Last week, we wrote about saving time by recycling content. This post looks at scheduling the posting of refreshed and new material on social media, your website, and your blog to free up more of your time.
Scheduling social media posts saves time and helps you regain control of that time. You can plan for a few days or weeks of posts at once. Go through emails, articles, Google alerts, and the latest news for your niche market, and then schedule future posts. Read each post to ensure the article relates to your practice area.
Scheduling posts encourages consistency. For example, if your area of practice is estate planning, you may decide to offer information on some commonly used trusts. You can include blog posts on the topic, links to informative articles on your website, and postings on social media announcing the new material.
Use analytics to determine the optimal posting time. When do most of your readers engage in your content? Schedule your postings at those times. Marketing experts recommend posting at minutes after the hour to gain more attention rather than on the half hour or hour. For example, post at 12:18 or 1:47 so your post arrives at a unique time rather than in a crowd of other posts.
80% of the U.S. population is in the Eastern or Central time zone, so post with those time zones in mind. Studies indicate that most readers interact with social media on the following days and times:
- Facebook—Thursday, Friday, Saturday, and Sunday at 9:00 a.m., 1:00 p.m., or 3:00 p.m.
- Twitter—Wednesday is most popular; business people connect during business hours, while others read at noon, 3:00 p.m. or 5:00–6:00 p.m.
- LinkedIn—Most visitors read posts on Tuesday, Wednesday, or Thursday mornings; other popular times are noon and 5:00–6:00 p.m.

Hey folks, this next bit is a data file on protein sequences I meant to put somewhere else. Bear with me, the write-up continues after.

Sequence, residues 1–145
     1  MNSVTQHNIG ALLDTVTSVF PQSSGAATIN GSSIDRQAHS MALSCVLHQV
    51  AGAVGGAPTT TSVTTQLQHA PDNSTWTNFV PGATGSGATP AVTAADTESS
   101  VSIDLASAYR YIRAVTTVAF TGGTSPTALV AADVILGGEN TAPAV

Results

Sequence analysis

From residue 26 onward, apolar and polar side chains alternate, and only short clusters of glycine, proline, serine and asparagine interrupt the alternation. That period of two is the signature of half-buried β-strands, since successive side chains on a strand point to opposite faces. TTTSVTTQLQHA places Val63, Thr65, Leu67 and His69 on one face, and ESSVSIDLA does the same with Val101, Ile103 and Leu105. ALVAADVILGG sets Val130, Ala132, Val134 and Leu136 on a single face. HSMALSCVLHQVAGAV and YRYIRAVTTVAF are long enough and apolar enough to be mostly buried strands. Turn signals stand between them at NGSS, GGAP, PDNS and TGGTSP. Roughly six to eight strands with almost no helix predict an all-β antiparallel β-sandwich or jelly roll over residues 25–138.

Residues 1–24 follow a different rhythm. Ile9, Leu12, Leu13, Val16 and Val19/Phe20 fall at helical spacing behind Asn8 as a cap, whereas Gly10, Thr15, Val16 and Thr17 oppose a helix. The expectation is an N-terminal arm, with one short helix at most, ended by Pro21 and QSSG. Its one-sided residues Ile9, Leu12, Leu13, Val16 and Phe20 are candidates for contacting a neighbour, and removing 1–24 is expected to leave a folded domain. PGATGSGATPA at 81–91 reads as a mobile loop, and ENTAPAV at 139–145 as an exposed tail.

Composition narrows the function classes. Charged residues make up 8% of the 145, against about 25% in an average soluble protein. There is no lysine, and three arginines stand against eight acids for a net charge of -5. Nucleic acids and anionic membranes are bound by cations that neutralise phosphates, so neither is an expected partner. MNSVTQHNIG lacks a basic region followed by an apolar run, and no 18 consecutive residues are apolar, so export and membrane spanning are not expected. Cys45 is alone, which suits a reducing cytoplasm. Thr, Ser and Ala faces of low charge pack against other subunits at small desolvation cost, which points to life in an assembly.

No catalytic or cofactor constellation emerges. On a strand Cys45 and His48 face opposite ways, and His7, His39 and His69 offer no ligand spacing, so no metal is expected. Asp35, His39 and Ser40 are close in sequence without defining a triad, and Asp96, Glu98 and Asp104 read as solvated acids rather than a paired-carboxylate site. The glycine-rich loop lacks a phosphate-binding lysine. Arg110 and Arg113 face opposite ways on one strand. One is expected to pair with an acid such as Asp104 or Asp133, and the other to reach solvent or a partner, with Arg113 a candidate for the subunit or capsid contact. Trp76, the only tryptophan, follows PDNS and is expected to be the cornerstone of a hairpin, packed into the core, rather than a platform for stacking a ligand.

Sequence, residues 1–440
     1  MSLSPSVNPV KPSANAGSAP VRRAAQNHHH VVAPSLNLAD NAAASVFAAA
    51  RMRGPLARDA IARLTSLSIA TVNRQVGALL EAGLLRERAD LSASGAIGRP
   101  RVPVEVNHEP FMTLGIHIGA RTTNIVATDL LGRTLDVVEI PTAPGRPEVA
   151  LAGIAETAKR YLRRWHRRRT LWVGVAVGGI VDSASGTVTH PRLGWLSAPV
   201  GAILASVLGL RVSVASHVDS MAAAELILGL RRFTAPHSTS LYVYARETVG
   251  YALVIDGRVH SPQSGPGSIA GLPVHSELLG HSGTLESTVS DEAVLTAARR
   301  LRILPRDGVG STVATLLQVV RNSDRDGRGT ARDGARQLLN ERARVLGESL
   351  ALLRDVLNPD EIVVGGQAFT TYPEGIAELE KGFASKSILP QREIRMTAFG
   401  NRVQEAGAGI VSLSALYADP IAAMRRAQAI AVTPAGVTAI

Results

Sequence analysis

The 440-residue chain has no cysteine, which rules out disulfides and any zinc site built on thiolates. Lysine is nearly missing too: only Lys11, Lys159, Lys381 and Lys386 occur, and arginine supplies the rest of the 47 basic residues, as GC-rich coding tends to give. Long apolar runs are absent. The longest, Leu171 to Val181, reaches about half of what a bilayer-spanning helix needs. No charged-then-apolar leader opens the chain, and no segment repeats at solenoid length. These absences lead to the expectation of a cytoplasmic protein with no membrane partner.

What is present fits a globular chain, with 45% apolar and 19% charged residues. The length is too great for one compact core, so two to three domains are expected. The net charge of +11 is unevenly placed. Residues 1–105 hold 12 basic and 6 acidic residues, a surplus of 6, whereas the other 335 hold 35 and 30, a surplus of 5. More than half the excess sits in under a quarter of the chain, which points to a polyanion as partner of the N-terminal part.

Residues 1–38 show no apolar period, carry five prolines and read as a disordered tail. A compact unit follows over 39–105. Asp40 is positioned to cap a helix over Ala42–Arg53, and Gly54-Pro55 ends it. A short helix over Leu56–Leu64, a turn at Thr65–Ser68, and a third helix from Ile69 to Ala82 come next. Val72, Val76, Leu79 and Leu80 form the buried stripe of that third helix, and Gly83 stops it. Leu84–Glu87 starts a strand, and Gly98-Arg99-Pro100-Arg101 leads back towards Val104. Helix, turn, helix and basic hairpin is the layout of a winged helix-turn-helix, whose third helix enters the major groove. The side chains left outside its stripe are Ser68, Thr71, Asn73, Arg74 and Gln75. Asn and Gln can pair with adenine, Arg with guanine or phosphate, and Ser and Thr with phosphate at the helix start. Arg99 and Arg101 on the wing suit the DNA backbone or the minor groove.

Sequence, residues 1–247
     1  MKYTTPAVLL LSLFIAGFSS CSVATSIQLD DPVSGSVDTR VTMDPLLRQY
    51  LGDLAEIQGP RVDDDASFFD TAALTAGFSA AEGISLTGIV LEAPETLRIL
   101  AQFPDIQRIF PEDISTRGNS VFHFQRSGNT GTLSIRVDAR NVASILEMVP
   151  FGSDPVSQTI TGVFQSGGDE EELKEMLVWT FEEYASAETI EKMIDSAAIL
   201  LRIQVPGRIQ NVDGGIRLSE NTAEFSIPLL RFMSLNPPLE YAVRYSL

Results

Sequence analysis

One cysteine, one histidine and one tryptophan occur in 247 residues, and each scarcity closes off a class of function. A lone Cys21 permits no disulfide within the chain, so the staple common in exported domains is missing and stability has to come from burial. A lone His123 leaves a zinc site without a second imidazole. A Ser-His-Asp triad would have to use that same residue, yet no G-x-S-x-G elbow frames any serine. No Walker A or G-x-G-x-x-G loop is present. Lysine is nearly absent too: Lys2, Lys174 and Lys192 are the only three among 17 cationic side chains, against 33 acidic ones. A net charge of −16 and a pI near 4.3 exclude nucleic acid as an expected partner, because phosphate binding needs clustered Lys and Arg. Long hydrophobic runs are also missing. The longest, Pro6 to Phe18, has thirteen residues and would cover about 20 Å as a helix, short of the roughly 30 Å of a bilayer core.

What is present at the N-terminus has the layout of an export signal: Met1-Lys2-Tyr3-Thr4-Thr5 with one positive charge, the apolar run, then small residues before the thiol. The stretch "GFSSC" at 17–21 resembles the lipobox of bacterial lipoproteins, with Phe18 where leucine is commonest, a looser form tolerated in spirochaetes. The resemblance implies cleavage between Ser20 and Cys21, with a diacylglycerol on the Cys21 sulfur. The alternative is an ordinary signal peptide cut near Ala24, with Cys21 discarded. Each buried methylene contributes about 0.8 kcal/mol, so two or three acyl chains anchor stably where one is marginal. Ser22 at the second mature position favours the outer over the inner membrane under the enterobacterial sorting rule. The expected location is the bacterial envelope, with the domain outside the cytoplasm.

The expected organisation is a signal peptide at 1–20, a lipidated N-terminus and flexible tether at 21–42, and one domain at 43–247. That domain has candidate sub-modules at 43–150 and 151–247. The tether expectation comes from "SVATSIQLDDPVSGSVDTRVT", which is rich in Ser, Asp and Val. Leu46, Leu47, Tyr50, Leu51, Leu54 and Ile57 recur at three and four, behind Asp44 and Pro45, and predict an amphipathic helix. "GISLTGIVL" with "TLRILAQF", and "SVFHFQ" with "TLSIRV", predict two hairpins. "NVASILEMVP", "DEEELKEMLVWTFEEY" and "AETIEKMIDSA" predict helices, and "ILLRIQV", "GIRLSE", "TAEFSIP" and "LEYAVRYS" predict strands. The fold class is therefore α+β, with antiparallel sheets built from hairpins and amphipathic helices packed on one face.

If you have an international audience, adjust your posting times for those time zones.
Analytics can also reveal which posts resonate with your readers. Use this information to recycle popular posts into another medium such as a webinar, podcast, or rewrite it from a different viewpoint for your next round of postings.
Each social media platform has its own requirements. Word content and image size can vary, and an identical message may not work on all sites, so be sure the message fits the messenger.
While scheduling posts in the future is convenient and saves time, don’t go too far ahead. The law doesn’t change quickly, but it does change. You want readers to have the most current information, so scheduling posts two or three weeks in advance is probably best. You can enjoy a great summer vacation knowing your postings will continue while you explore new lands or visit familiar havens.
After years practicing law, Roberta Gubbins served as editor of the Ingham County Legal News. Since leaving the paper, she provides writing services to lawyers ghostwriting content for websites, blogs, and articles. She is editor of The Mentor, the SBM Master Lawyers Section newsletter.
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